The only downside is that they're pretty pricey. Use at least as many raw macadamia nuts when substituting (as they're about ½ the size.)
Some people actually consider the Brazil nut to be a superior substitute for candlenuts as compared to macadamias!
If you can't get macademias or Brazil nuts, try pine nuts which should be a reasonable substitute.
The creamy texture of raw cashews is why it is used as a cream replacement in so many vegan recipes. This is also what makes it a good alternative to candlenuts, although remember to reduce the number of nuts used.
Note: almonds (53%) walnuts (65%) and pistachios (50%) also have a high fat content (see the number in the brackets) but I don't recommend using them alone as they have quite strong flavours. (You could potentially try mixing raw almonds and walnuts in the ration 4:1- the bitterness of the walnuts may be balanced by the sweetness of the almonds.)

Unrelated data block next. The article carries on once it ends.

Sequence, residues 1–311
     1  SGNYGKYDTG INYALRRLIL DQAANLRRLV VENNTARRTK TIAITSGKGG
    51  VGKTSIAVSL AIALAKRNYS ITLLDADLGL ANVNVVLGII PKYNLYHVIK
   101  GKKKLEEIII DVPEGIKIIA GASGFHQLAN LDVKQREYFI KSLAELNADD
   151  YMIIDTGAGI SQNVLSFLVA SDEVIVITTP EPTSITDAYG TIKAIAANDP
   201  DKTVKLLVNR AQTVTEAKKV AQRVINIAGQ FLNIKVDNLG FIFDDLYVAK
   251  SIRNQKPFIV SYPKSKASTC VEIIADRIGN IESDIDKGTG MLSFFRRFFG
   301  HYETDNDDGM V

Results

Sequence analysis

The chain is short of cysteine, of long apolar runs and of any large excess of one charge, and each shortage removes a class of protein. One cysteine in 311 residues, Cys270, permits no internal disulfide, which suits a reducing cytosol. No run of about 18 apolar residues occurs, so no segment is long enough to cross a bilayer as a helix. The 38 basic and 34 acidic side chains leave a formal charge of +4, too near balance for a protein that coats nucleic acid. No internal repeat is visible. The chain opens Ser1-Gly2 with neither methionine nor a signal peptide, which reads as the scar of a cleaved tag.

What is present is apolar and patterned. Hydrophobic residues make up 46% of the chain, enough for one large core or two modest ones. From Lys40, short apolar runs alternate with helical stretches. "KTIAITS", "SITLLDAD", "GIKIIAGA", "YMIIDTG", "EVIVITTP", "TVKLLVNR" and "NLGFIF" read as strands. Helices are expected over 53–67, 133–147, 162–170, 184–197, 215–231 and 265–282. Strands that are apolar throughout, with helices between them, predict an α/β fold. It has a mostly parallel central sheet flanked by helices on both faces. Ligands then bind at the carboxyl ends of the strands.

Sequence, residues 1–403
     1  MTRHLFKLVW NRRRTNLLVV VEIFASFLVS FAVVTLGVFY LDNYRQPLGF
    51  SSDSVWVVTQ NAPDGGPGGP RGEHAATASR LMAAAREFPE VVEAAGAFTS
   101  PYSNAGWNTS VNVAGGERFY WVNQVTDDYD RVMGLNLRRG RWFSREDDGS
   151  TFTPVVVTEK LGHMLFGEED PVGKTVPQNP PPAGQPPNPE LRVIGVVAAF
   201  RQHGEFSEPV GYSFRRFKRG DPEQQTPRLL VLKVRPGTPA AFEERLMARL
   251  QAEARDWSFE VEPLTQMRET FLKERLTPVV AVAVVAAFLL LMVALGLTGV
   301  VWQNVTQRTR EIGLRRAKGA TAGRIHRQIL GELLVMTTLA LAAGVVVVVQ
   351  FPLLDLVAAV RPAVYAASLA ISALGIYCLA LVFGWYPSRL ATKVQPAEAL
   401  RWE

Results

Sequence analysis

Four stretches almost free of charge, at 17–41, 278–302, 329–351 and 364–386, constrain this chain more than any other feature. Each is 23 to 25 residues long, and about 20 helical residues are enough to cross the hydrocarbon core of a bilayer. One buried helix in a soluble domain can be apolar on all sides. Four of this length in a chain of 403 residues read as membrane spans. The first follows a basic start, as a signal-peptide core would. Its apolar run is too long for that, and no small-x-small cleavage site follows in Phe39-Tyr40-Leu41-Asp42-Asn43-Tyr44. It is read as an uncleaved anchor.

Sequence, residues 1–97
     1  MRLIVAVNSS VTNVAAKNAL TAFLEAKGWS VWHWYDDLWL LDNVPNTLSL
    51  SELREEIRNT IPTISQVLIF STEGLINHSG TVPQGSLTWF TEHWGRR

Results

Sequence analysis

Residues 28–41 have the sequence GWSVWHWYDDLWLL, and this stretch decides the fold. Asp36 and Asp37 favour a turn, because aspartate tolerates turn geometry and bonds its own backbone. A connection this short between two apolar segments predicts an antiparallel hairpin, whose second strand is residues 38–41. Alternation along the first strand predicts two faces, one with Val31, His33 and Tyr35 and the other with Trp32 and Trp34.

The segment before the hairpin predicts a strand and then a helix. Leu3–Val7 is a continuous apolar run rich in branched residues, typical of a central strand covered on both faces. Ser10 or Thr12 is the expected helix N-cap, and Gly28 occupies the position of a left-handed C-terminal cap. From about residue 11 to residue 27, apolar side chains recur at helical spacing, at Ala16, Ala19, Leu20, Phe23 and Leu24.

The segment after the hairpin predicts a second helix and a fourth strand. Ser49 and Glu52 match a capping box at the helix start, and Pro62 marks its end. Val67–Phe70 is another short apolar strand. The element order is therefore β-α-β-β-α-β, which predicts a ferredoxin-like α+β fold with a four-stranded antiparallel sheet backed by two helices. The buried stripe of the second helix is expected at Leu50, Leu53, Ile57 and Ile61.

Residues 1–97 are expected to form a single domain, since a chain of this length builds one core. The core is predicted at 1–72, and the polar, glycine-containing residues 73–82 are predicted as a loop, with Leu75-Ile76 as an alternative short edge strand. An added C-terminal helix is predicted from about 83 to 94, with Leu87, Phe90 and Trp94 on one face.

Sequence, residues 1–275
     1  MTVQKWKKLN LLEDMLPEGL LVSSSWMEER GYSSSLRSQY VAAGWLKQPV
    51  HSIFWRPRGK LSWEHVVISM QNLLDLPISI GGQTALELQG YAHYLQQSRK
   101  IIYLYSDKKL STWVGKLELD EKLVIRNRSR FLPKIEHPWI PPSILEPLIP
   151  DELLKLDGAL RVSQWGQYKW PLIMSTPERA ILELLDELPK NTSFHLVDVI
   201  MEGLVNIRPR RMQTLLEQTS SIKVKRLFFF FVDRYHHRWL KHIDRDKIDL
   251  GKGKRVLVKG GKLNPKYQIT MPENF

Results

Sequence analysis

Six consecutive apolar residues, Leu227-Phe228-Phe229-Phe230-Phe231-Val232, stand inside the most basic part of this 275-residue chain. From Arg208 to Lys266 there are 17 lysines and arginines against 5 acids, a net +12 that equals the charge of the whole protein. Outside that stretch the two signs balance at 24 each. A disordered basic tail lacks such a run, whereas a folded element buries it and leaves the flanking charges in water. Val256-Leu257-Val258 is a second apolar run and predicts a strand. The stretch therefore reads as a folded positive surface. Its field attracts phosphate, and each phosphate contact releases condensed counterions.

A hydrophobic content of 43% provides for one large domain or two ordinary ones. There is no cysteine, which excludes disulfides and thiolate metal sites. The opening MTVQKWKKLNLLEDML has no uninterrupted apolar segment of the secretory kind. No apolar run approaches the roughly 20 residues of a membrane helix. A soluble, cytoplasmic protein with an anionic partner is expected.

Coconut oil + coconut flour
If you needed candlenuts for a dish that uses coconut, a mix of coconut oil (for savouriness) and coconut flour (to thicken) would help to provide some of the oil and thickening properties in its place. Obviously, don't use this in a dish that you you don't want to taste coconut-y as coconut is a rather overpowering flavour.
Note: do not use desiccated coconut- this will thicken your curry but also add a gritty texture to it (similar to beef rendang).
Some Indonesians recommend using a ton of palm oil (a very common oil in the South East Asian kitchen) in place of candlenuts, to replicate the high oil content. If you choose to do so, remember that sustainably grown palm oil is now available.
If you use a different replacement for candlenuts, I'd love to hear what it is! To be honest, if you can't get any of the above, it shouldn't be a deal-breaker, try the recipe without the candlenuts and see how you like it!
Before you go, here are some recipes that may be of interest: